How Does Nano-Medicine Integrate with Traditional Approaches to Cancer.
How Does Nano-Medicine Integrate with Traditional Approaches to Cancer Diagnosis?

How Does Nano-Medicine Integrate with Traditional Approaches to Cancer Diagnosis?

A class of illnesses characterized by intrinsic nanostructural defects (e.g., DNA problems) constitutes cancer. Therefore, treatments utilizing nanoscale structures and processes offer evident advantages.In light of this, the primary objective of Cancer Nanotechnology is to establish a platform wherein the most auspicious emerging concepts can be prominently showcased for researchers specializing in either nanotechnology or cancer research.Cancer Nanotechnology focuses on the most recent developments that arise at the convergence of nanotechnology and cancer research. Intentionally comprehensive interpretations of relationships with cancer encompass the following: prevention, treatment, diagnosis, and regulatory frameworks associated with these areas.Nanotechnology is broadly defined as the study of objects with characteristic length scales that are typically less than 500 nanometers. However, it also encompasses the manipulation of nanoscale processes, such as through the application of energy or different substances.

Present technique for diagnosing malignancy 

Cancer is presently a leading cause of mortality on a global scale, and this trend is anticipated to continue as time passes. In order to diagnose cancer in a patient, low-resolution imaging techniques are typically combined with the detection and analysis.

of biomarkers. Typically, chemotherapy is employed as the therapeutic modality, with the specific target being the suspected form of tumor. Numerous ambiguities and constraints exist regarding this therapeutic and diagnostic procedure.

Identification and assessment

Particularly sensitive, selective, and able to identify multiple molecules, nano-enabled biosensors are well-suited for the detection of extracellular cancer biomarkers such as circulating tumor DNA, cancer-associated proteins, and extracellular vesicles. Additionally, the sensitive identification of cancer cells is facilitated by nanomaterial’s.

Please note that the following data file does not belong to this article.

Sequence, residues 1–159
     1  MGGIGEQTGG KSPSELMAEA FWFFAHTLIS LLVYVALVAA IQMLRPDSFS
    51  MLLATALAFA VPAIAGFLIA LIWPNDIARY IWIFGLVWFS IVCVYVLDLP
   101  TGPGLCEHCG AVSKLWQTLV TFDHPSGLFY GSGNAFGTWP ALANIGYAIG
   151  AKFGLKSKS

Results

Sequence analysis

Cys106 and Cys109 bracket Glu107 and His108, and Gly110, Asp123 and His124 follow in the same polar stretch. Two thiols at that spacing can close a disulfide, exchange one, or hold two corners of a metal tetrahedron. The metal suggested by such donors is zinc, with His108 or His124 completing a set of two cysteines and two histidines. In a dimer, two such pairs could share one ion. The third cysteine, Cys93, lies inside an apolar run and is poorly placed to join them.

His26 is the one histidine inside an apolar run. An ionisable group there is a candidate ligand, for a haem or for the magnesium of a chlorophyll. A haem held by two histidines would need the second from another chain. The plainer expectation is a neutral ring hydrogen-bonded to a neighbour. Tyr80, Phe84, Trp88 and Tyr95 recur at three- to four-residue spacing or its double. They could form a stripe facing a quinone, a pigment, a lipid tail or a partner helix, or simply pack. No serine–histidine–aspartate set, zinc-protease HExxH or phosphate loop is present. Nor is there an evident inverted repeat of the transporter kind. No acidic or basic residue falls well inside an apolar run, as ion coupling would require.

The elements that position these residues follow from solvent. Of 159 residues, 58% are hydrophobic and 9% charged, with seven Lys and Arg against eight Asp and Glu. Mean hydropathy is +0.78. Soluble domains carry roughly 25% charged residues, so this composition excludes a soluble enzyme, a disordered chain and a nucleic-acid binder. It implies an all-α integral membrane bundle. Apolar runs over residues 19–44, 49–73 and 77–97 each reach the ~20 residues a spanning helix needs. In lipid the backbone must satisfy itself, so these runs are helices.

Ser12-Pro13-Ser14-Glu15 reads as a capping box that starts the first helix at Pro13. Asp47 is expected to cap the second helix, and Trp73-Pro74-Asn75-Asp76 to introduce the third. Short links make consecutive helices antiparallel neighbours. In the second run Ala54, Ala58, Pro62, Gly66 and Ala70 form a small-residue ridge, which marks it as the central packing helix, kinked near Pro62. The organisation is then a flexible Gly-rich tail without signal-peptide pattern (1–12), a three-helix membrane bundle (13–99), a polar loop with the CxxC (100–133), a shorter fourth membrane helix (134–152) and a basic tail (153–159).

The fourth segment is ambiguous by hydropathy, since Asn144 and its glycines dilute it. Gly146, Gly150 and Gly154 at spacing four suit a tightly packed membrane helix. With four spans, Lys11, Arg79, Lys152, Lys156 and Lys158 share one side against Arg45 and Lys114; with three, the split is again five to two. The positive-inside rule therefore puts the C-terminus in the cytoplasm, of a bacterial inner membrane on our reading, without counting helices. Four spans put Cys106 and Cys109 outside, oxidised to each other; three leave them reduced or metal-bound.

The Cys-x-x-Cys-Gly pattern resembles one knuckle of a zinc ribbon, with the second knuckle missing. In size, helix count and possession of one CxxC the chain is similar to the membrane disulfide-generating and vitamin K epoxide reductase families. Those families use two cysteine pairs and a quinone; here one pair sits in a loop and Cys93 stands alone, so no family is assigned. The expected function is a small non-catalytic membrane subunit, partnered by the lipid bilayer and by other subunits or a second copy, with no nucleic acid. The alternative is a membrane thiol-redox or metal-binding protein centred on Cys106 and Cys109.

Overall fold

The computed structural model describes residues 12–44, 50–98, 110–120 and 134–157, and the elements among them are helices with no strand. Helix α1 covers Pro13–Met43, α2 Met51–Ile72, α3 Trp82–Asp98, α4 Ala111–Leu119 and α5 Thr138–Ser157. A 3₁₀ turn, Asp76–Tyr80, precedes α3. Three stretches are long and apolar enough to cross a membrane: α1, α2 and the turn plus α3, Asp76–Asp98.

Perception in Vitro

There are now more options for early cancer diagnosis thanks to the identification of cancer-associated molecular changes in blood in several molecular locations, including the transcriptome, proteome, metabolome, and genome. High selectivity and sensitivity are possible for the enrichment and subsequent omics analysis of blood-circulating “cancer fingerprints” thanks to nanotechnology-enabled liquid biopsy diagnostic instruments. Compact gadgets or point-of-care systems can be created using proven manufacturing methods (such as lithography). These diagnostic instruments examine the existence, activity, or concentration of particular biological molecules in a sample of physiological fluid by means of biochemical reactions. These events can then be converted into detectable signals by means of optical, magnetic, or electronic techniques. Examples of these reactions include antigen-antibody binding, DNA fragment hybridization, and ligand adhesion to cell surface epitopes.

Visualization in Vivo

The sensitivity levels of the imaging techniques used today, such MRI, PET, and CT, are only good enough to identify tumors after hundreds of cancer cells have developed and perhaps spread. Now under research and translation, nanotechnology-based imaging contrast agents for traditional imaging modalities provide the capacity to greatly enhance and precisely target in vivo tumor detection. Furthermore, new imaging modalities not previously used for clinical cancer therapy and diagnosis, including as photo acoustic tomography (PAT), Raman spectroscopic imaging, and multimodal imaging, are being made possible by modern Nano scale imaging systems.

Assessing Reaction to Treatment

Measuring a patient’s reaction to targeted treatment, immunotherapy, or surgery as their disease advances is the cornerstone of accurate and predictive medicine. Preemptive clinical decision making (e.g., distinguishing therapeutic responders from non-responders), patient stratification for clinical trials, and treatment regimen optimization (e.g., therapeutic course correction, use of drug combinations, and fine-tuning drug doses) can all be made possible by accurate and pertinent disease monitoring. For this, there are three options: tissue biopsies, in vitro diagnostics, and in vivo imaging.

Although tissue biopsy is still the gold standard for identifying cancer, it is an intrusive method with limited spatial sampling capacity to adequately follow the evolution of the illness in relation to therapy. By using the tumor’s lost biological material—such as cells, DNA, and other cancer-specific biomolecules—circulating in blood over time, in vitro cancer detection and monitoring offers a more straightforward way to assess the response to therapy.


Dr. Swapnila Roy

School of Basic & Applied Sciences

December 8, 2023

Copyrights © 1998 - 2024 Lingaya's Vidyapeeth (Deemed To Be University). All rights reserved.

Privacy Policy